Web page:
"The present invention relates to a system for active management of energy in concrete walls and/or floors, which essentially comprises: printed heating systems which are integrated in concrete parts during the concrete casting process; heating systems which are printed on the surface of concrete parts or cementitious coatings; an electronic system for monitoring and control the environment and the heating circuits, which is integrated in the concrete in order to maintain the comfort temperature; high reflective and phase-change materials to maximize the functionality of the heating systems; concrete wall structure to maximize the utilization of the heat generated by the integrated heating system."
• Ice Energy CEO Mike Hopkins reports that the first Ice Cub has been installed at a home in Santa Ynez, Calif. The unit makes ice during off-peak hours and stores it in an insulated tank. During peak hours, the stored ice delivers three to four hours of cooling, reducing the typical peak load by 95 percent. "This powerful system," writes Hopkins, "replaces the traditional outdoor AC condensing unit and the conventional gas/propane furnace, provides 14 kW of the lowest cost most reliable energy storage available for a home, and if you have solar PV, can make ice using 100% solar power."
• Open Energi's effort to tap the "thermal inertia" of hot asphalt has been honored by the UK Association for Decentralised Energy. The London-based startup installed a demand response system at 70 Tarmac plants in the United Kingdom this year, using 200-some asphalt tanks as fast-acting batteries for the electric grid. The tanks stay close to the optimum 150° Celsius for long periods without electricity.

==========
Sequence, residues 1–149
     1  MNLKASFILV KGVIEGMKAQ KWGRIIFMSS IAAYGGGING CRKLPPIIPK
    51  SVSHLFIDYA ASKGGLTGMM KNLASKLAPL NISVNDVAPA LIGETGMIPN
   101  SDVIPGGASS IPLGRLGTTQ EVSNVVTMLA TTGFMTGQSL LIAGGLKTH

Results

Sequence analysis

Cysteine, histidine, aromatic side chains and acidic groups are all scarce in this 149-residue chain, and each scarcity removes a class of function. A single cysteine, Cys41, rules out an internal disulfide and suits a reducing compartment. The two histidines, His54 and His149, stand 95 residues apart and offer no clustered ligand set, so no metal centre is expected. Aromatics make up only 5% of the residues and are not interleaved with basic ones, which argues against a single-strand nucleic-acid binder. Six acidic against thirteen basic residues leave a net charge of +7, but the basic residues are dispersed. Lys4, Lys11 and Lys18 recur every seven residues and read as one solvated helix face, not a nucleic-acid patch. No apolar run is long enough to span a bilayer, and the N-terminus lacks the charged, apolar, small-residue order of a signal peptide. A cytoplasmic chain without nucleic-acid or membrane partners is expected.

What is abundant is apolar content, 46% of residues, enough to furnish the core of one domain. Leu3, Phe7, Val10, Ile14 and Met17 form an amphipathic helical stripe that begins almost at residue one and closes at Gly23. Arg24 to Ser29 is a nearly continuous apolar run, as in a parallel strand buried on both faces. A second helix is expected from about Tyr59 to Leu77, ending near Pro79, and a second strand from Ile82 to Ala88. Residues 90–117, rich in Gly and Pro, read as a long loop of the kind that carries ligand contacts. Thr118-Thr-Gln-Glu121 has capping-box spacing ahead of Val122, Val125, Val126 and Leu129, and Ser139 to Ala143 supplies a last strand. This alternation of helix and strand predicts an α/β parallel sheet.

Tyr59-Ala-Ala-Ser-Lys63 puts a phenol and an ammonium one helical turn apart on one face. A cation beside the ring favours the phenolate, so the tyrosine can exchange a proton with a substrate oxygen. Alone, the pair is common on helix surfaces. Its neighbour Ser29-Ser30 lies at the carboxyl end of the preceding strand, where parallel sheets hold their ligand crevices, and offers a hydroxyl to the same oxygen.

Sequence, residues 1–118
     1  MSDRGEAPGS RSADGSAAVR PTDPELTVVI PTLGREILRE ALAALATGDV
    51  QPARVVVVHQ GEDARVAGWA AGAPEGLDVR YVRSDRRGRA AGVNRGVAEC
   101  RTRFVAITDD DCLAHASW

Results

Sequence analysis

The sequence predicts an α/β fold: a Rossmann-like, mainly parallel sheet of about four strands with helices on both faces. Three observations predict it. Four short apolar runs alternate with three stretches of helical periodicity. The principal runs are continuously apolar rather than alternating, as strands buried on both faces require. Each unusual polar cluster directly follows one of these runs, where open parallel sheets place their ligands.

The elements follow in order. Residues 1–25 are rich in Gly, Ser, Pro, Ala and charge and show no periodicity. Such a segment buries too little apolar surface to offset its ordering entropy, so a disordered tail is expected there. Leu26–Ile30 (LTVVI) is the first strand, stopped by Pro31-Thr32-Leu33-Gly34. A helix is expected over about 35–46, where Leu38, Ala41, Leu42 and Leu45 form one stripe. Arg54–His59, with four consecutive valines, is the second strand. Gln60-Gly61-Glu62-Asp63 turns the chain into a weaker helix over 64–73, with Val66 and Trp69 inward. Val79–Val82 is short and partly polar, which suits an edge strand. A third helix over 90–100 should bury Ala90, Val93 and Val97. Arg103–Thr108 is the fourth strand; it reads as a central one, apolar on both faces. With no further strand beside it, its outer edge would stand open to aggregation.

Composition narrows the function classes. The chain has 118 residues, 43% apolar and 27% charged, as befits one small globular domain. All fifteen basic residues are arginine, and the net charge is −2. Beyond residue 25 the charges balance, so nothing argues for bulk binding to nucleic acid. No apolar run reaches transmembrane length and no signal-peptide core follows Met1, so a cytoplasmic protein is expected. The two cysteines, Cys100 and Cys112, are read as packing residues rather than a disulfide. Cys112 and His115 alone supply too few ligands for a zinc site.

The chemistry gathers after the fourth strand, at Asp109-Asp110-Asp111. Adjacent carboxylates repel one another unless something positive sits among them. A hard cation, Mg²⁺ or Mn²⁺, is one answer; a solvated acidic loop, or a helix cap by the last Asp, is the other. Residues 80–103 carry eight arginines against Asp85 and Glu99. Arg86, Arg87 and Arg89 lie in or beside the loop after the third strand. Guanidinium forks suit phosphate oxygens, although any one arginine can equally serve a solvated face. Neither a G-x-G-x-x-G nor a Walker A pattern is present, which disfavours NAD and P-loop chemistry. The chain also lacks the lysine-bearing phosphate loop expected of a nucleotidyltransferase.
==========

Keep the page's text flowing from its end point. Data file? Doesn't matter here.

• In an interview with EPM, Pelican BioThermal's Kevin Lawler talks about simplification, reusable packaging, tighter temperature restrictions and other trends in the temperature-controlled packaging industry.
• BOCA International Ltd. has signed a project development agreement with Nano and Advanced Materials Institute Ltd. in Hong Kong. The parties plan to work together to develop a new microencapsulated phase change material for thermal energy storage in chiller plants.
• New from Persistence Market Research: "Advanced Phase Change Material (PCM) Market - Global Industry Analysis and Forecast to 2020"
For our full list of recent academic research, see puretemp.com/academic. Here are highlights from the past week:From Applied Thermal Engineering:
More than 985 of your peers have joined a LinkedIn group devoted to the discussion of phase change material and thermal energy storage. The Phase Change Matters group is an interactive complement to the award-winning blog and newsletter of the same name.
You are invited to join the group and connect with PCM and TES experts from around the world. New members this week include Jia Yin Sze, research fellow at Nanyang Technological University's Energy Research Institute, Singapore; Richard Bonner, manager of custom products at Advanced Cooling Technologies, Lancaster, Penn.; Dr. Farhan Ahmad, senior innovation scientist at Amcor, Detroit, Mich.; and Ghazal Dehghani, who has a master's degree in mechanical engineering from the University of Arizona and "3+ years of experimental research in phase change energy materials." Ghazal writes:
"I am a mechanical engineer and thermal analyst. My expertise and experiences mainly include thermal characterization and analysis of phase change materials (specifically, multi-component PCMs) for thermal energy storage and high efficiency energy design applications. I am also interested to job opportunities in those areas."